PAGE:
"The nose was a roller coaster with its highlights and off-notes, the palate was much more focussed and close to the origins without much cask influence"
(Photo from Whiskybase)
Scapa must be one of Scotland’s distilleries about which I heard the most negative remarks. Apparently, they have completely lost their magic, as their earlier bottlings had lots of quality, while their recent range has been under par to say the least. In such a case, often you can find refuge with the independent bottlers, however, in the case of Scapa, there the search for quality is not sure either. Anyway, I never had any Scapa until recently, therefore not able to give any opinion from my side, but fortunately we had the opportunity to taste a Scapa from Gordon & MacPhail during the blind tasting competition, and it is all about experiences, right?
Initially, lots of sunflower oil, followed by an increasing amount of sweetness that fades quickly into apple peels and honey. There is certainly a very reasonably balance. I even detect a hint of sea air. The more oranges, and also a hint of sweet socks, I mean sweat socks. More pears, apples and tanned peaches, a hint of aluminium, then citrus fruits, then suddenly old milk and a hint of minerals. It definitely has its sour, which are not its strong points, and it seems slightly unstable. Very remarkable, slightly strange, slightly disturbing, but nonetheless interesting.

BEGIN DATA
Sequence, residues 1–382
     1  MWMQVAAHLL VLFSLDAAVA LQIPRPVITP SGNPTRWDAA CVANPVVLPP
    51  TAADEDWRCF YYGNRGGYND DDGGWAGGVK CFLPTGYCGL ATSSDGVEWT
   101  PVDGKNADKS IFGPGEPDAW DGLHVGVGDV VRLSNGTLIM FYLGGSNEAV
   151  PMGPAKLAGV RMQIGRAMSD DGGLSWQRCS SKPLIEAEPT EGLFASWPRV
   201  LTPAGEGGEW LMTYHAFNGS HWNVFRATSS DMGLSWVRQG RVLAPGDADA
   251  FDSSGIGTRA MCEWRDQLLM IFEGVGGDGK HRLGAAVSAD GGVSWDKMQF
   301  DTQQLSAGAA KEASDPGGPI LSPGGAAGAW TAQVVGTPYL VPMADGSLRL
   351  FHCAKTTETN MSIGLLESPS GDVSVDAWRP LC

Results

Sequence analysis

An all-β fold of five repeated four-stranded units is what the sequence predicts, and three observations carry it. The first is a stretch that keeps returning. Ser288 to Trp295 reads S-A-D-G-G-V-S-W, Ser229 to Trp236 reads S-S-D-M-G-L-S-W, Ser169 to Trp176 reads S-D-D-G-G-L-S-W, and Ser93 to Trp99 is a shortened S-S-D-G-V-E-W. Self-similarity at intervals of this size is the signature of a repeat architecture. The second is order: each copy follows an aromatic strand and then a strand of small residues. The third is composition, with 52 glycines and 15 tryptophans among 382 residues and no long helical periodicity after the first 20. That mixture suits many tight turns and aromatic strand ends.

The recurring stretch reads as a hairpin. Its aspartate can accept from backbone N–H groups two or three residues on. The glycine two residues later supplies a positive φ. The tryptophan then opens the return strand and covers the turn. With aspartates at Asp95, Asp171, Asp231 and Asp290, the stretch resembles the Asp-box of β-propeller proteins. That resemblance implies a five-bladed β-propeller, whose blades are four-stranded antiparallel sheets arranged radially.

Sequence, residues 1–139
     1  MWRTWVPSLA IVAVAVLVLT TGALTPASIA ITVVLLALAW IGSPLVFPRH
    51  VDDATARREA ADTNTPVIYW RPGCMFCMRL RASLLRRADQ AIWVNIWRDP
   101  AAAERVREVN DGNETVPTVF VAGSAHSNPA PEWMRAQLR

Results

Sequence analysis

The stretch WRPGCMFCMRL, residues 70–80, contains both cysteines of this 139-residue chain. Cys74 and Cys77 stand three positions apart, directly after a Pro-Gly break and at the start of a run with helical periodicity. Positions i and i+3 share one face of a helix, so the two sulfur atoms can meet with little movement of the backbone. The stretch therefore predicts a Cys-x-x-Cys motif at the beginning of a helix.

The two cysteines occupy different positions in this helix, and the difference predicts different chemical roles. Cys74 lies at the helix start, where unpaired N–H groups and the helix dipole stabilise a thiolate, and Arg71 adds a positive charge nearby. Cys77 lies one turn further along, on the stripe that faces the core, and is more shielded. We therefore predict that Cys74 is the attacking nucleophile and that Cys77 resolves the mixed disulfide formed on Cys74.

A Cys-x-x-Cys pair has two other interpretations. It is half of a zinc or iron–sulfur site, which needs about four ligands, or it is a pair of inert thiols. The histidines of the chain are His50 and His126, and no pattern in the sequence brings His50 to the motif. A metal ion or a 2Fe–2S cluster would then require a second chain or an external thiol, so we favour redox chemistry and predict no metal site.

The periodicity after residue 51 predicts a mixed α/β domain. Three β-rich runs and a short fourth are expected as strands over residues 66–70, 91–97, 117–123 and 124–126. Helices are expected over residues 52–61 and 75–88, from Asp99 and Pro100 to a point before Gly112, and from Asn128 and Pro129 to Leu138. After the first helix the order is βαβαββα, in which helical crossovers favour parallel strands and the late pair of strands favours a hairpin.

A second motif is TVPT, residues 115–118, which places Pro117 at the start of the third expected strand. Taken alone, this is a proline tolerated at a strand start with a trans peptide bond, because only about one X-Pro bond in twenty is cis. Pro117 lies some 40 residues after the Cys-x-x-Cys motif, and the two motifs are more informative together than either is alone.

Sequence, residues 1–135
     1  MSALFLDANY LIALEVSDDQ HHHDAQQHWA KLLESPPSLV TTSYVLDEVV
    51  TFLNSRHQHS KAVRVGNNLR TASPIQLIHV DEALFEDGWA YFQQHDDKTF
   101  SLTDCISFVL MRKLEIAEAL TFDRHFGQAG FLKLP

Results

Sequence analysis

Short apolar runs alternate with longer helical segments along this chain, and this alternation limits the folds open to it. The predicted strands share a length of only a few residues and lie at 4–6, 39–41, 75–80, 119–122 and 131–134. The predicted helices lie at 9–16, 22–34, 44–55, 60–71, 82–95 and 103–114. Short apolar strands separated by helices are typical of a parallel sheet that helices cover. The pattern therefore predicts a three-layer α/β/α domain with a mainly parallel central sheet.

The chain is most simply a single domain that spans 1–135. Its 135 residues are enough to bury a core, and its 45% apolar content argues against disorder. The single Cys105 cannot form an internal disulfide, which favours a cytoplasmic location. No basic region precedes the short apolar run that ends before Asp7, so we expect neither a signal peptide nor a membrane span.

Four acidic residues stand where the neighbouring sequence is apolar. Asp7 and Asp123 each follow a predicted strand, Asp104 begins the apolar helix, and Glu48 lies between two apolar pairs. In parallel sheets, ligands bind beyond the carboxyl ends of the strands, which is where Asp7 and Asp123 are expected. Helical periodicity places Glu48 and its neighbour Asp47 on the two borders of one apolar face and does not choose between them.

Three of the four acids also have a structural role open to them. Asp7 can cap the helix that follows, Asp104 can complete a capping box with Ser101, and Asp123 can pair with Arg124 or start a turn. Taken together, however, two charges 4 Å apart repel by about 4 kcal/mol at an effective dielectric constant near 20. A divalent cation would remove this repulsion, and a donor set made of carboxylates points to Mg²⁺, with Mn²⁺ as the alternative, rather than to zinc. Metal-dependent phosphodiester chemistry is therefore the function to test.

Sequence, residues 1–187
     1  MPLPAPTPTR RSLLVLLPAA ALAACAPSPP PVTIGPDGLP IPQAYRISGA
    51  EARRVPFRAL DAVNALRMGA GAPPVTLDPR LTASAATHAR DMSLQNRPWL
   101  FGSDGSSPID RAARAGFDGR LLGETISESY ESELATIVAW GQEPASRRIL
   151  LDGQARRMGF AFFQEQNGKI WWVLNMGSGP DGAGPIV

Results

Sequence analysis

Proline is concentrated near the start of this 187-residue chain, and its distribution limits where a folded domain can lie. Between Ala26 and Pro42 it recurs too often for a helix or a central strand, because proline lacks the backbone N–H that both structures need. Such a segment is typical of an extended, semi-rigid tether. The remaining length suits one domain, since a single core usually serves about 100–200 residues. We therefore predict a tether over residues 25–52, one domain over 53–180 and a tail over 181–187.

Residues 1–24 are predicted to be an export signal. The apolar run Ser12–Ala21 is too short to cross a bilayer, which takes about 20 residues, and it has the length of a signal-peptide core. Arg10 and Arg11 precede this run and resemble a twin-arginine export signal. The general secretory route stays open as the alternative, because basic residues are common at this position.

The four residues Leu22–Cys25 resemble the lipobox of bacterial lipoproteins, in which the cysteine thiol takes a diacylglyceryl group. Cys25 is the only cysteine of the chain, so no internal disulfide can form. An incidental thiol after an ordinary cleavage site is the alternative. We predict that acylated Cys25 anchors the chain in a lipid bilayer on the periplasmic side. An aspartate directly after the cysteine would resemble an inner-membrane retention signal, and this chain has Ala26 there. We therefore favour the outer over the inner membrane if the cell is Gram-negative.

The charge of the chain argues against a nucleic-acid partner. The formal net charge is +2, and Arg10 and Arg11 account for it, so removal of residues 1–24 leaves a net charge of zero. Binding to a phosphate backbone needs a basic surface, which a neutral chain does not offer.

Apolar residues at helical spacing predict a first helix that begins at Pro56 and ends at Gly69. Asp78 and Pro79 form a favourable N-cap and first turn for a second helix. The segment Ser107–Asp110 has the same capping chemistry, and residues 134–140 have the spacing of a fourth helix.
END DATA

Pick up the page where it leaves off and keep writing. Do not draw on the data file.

Let’s see what roller coaster we enter on the palate. It begins slightly acidic, drying, with barley, bread dough and barley sugar. I would say this seems very natural. Some slightly sharp notes, but these are quickly fading. They substituted with notes of coffee milk with a drop of coffee (let’s call it an extreme caffe latte), more barley juice, oranges and honey on crackers. It is slightly buttery, which is good, but also slightly simple. I would say it is very effective at what is does, which is being a natural malt.
The nose was a roller coaster with its highlights and off-notes, the palate was much more focussed and close to the origins without much cask influence. Where the off-notes I experienced recently in the Glen Scotia 2008 were enhancing the experience, here they have a negative impact on the nose. Without these notes, Scapa would be rather nice, and the absence of an overt cask influence is rather refreshing within today’s world of whisky.
Big thanks to for sharing the sample!
• these are my personal views, so do not take them too seriously… nothing beats tasting these for yourself •